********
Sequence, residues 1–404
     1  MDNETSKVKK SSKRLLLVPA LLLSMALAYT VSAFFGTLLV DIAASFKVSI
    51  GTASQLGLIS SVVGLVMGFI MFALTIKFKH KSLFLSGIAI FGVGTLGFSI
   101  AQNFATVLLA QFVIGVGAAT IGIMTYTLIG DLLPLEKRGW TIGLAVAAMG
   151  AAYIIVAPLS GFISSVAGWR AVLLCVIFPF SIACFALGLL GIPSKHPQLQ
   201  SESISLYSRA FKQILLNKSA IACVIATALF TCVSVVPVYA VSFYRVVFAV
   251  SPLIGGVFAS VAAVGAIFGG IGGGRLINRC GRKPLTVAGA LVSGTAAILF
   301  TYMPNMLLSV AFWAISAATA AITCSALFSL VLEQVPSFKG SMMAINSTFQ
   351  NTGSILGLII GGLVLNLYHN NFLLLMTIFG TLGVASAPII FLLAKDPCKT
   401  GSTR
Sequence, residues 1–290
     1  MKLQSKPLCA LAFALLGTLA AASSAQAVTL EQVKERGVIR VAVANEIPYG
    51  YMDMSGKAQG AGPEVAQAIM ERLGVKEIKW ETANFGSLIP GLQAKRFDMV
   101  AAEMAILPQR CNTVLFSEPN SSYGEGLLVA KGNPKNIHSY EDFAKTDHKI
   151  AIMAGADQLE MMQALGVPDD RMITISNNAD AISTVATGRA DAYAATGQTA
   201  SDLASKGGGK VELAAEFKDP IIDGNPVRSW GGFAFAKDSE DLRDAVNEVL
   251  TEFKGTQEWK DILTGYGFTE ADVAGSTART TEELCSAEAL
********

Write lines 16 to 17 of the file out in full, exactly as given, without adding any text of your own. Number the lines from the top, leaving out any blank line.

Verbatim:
   201  SDLASKGGGK VELAAEFKDP IIDGNPVRSW GGFAFAKDSE DLRDAVNEVL
   251  TEFKGTQEWK DILTGYGFTE ADVAGSTART TEELCSAEAL